Saint Simeon the Stylite was born in the year 521 in Antioch, Syria of pious parents John and Martha. From her youth Saint Martha (July 4) prepared herself for a life of virginity and longed for monasticism, but her parents insisted that she marry John. After ardent prayer in a church dedicated to Saint John the Forerunner, the future nun was directed in a vision to submit to the will of her parents and enter into marriage.
As a married woman, Saint Martha strove to please God and her husband in everything. She often prayed for a baby and promised to dedicate him to the service of God. Saint John the Forerunner revealed to Martha that she would have a son who would serve God. When the infant was born, he was named Simeon and baptized at two years of age.
When Simeon was six years old, an earthquake occurred in the city of Antioch, in which his father perished. Simeon was in church at the time of the earthquake. Leaving the church, he became lost and spent seven days sheltered by a pious woman. Saint John the Baptist again appeared to Saint Martha, and indicated where to find the lost boy. The saint’s mother found her lost son, and moved to the outskirts of Antioch after the earthquake. Already during his childhood the Lord Jesus Christ appeared several times to Saint Simeon, foretelling his future exploits and the reward for them.
The six-year-old child Simeon went into the wilderness, where he lived in complete isolation. During this time a light-bearing angel guarded and fed him. Finally, he arrived at a monastery, headed by the igumen Abba John, who lived in asceticism upon a pillar. He accepted the boy with love.
After a time, Saint Simeon asked the Elder John to permit him also to struggle upon a pillar. A new pillar was raised by the brethren of the monastery with the blessing of the igumen, near his pillar. Having completed the initiation of the seven-year-old boy into monasticism, Abba John placed him upon this pillar. The young ascetic, strengthened by the Lord, quickly grew spiritually, in his efforts surpassing even his experienced instructor. For his efforts, Saint Simeon received from God the gift of healing.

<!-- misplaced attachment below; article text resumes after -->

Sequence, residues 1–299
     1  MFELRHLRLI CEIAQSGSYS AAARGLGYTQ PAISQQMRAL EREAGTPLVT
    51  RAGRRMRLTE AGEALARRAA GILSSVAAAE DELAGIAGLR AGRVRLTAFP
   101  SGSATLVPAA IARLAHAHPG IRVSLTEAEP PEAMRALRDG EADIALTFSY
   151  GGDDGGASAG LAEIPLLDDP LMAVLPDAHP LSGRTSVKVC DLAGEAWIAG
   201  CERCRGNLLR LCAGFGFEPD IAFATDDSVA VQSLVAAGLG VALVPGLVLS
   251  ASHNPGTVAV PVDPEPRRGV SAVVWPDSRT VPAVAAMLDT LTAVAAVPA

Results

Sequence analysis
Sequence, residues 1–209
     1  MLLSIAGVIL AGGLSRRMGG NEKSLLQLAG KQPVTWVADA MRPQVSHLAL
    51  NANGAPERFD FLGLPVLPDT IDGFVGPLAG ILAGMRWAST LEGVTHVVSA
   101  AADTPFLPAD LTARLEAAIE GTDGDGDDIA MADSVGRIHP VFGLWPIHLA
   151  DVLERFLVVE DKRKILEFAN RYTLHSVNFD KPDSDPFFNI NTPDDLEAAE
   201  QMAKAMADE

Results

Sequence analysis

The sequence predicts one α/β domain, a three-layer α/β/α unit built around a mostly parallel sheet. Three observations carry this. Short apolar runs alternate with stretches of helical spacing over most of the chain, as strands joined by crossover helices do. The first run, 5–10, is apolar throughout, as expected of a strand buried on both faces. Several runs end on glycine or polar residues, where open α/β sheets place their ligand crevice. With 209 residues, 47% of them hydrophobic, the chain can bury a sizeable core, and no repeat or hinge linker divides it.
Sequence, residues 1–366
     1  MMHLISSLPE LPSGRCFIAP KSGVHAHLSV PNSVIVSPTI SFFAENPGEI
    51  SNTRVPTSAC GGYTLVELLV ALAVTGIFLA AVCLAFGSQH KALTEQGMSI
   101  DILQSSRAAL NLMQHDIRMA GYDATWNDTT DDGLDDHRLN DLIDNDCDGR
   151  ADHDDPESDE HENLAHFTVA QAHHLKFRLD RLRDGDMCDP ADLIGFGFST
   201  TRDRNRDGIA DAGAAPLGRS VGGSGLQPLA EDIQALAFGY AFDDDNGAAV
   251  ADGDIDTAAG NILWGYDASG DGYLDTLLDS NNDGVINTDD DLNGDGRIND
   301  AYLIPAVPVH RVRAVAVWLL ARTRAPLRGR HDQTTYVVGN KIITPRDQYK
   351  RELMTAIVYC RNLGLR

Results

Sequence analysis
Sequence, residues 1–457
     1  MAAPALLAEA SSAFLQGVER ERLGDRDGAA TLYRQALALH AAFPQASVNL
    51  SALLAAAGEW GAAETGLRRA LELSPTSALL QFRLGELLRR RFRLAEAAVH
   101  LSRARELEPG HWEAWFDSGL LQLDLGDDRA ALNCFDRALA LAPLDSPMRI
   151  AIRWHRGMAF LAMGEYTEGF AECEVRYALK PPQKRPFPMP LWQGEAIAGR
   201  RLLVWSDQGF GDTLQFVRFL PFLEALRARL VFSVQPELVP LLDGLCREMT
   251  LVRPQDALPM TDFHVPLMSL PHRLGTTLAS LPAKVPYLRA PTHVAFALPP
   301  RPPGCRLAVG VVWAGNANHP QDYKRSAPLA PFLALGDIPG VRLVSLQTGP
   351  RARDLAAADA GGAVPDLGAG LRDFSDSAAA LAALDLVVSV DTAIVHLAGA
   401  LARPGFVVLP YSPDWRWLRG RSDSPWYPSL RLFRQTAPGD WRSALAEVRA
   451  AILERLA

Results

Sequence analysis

The fame of the young monk’s deeds began to spread beyond the bounds of the monastery. Monks and laypeople began to come to him from various places, desiring to hear his counsel and receive healing from their infirmities. The humble ascetic continued to pursue asceticism with instructions from his spiritual mentor Abba John.
When he was eleven, Simeon decided to pursue asceticism upon a higher pillar, the top of which was forty feet from the ground. The bishops of Antioch and Seleukia came to the place of the monk’s endeavors, and ordained him as a deacon. Then they permitted him to ascend the new pillar, on which Saint Simeon labored for eight years.
Saint Simeon prayed ardently for the Holy Spirit to descend upon him, and the holy prayer of the ascetic was heard. The Holy Spirit came upon him in the form of a blazing light, filling the ascetic with divine wisdom. Along with oral instructions, Saint Simeon wrote letters about repentance, monasticism, about the Incarnation of Christ, and about the future Judgment.
After the death of his Elder, Saint Simeon’s life followed a certain pattern. From the rising of the sun until mid-afternoon he read books and copied Holy Scripture. Then he rose and prayed all night. When the new day began, he rested somewhat, then began his usual Rule of prayer.
Saint Simeon concluded his efforts on the second column, and by God’s dispensation, settled upon the Wonderful Mountain, having become an experienced Elder to the monks in his monastery. The ascent to Wonderful Mountain was marked by a vision of the Lord, standing atop a column. Saint Simeon continued his efforts at this place where he saw the Lord, at first upon a stone, and then upon a pillar.
Future events were revealed to Saint Simeon, and so he foretold the death of Archbishop Ephraim of Antioch, and the illness of Bishop Domnus, which overtook him as punishment for his lack of pity. Finally, Saint Simeon predicted an earthquake for the city of Antioch and urged all the inhabitants to repent of their sins.